Home Sweet Home. Soldiers tried to find what little shelter from the elements that they could, but the constant shelling and bombing meant that the shelter had to be "bomb-proof". The most common type of shelter was, therefore, a small cave-like hole dug out of the forward side of the trench. These were often nick-named "worm holes".
Some underground shelters had log-lined walls to hold the dirt back.
What's For Lunch? All meals were usually pre-packaged, or was prepared in the rear lines and brought it to the front lines in buckets. Cooking in the front lines was prohibited, as smoke from cook fires could attract grenades and mortar fire. The most common meal for the Allied soldiers was mass-produced canned corn beef and potatoes. This was often accompanied by tea if you were in the British Army.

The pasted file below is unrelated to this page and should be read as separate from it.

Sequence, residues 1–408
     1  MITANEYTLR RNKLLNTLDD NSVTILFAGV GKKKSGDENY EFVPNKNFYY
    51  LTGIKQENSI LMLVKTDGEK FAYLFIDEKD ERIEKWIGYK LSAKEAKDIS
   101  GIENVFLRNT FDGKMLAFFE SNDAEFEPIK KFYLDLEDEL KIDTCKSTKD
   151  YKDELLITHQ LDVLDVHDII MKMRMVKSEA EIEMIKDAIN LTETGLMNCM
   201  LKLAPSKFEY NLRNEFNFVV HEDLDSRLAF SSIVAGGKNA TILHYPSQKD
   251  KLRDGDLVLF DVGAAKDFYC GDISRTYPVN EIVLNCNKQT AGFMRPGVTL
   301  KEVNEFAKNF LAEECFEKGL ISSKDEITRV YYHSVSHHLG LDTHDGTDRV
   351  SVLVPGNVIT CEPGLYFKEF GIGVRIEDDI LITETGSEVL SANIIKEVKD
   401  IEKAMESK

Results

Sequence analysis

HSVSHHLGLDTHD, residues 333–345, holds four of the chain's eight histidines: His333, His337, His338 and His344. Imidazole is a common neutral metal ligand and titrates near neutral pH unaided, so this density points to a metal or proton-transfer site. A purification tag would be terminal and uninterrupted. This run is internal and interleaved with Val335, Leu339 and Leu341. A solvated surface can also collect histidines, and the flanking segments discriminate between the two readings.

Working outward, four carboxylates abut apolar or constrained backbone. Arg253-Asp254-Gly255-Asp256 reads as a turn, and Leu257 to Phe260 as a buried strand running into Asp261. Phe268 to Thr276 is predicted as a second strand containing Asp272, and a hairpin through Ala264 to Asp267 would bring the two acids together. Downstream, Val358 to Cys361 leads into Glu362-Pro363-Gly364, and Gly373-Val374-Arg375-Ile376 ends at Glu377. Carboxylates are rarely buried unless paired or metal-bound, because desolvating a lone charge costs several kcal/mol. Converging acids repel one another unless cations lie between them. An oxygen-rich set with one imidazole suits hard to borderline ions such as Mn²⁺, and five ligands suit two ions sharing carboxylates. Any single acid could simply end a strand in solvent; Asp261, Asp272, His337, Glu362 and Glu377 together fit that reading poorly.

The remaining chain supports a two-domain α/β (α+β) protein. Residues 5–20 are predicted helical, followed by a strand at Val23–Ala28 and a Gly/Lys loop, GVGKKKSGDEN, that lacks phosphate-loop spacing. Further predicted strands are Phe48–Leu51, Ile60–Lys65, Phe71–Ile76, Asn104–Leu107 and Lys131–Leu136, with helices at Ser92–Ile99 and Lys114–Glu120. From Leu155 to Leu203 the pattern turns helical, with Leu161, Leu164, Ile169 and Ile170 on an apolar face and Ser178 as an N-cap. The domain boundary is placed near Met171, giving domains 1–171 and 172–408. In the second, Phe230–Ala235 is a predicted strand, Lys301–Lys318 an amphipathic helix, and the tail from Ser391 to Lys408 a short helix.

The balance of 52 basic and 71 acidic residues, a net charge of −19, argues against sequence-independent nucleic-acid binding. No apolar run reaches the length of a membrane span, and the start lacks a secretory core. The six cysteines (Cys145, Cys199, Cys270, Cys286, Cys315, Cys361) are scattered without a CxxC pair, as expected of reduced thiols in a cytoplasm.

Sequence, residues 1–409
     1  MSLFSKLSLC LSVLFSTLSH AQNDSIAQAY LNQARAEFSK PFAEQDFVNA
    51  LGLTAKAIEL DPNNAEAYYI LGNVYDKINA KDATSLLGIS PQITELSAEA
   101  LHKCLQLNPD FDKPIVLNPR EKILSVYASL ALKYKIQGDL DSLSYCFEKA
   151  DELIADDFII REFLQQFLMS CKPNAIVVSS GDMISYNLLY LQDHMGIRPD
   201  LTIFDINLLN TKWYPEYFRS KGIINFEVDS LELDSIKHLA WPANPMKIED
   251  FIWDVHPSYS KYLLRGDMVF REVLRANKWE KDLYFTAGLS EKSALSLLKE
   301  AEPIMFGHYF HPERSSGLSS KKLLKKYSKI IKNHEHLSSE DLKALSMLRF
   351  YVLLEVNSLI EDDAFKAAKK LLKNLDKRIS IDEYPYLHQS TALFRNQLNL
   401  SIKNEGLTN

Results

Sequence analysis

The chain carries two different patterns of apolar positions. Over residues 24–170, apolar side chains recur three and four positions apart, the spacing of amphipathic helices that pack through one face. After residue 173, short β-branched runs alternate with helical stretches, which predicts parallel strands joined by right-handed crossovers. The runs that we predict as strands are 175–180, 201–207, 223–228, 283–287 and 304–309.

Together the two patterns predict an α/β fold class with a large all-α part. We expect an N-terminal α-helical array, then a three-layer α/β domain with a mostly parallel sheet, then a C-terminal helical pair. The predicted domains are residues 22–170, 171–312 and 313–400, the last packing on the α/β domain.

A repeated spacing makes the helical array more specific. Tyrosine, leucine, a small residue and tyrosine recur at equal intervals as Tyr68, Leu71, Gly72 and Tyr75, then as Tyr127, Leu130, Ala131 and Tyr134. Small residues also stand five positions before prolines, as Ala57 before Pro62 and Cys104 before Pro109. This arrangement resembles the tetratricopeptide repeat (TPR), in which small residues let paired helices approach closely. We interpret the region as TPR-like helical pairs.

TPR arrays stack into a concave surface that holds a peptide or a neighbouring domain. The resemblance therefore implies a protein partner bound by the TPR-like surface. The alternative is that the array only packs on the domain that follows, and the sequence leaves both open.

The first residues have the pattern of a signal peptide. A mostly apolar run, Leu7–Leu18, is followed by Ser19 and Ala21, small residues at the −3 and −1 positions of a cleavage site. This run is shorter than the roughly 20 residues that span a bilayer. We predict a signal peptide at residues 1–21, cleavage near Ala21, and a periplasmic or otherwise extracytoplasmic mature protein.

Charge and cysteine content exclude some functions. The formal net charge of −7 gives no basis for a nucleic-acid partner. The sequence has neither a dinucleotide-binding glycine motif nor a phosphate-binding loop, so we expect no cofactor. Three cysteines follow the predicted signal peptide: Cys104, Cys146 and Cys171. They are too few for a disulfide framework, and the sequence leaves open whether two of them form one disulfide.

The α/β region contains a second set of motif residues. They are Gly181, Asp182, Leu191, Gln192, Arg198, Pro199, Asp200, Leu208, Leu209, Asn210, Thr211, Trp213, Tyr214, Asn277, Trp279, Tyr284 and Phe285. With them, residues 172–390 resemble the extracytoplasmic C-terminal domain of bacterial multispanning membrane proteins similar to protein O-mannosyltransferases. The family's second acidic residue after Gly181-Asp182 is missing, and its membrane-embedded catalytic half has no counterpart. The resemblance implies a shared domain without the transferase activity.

A soldier keeps watch over the trench lines after a light snowfall.Winter was the worst season of all for soldiers in the trenches. The winter also brought many new problems; frostbite and trenchfoot, a condition received from standing in cold water for extended periods, proved devastating. Disease was common year-round, but in the winter it increased drastically, claiming the lives of thousands of soldiers on both sides.A soldier makes his way through a trench knee-deep in mud.
As we bring this dual-part entry to a close, we hope that you all have enjoyed this entry series! Thank you all for the comments as we return to the blog-world, and we shall be updating soon.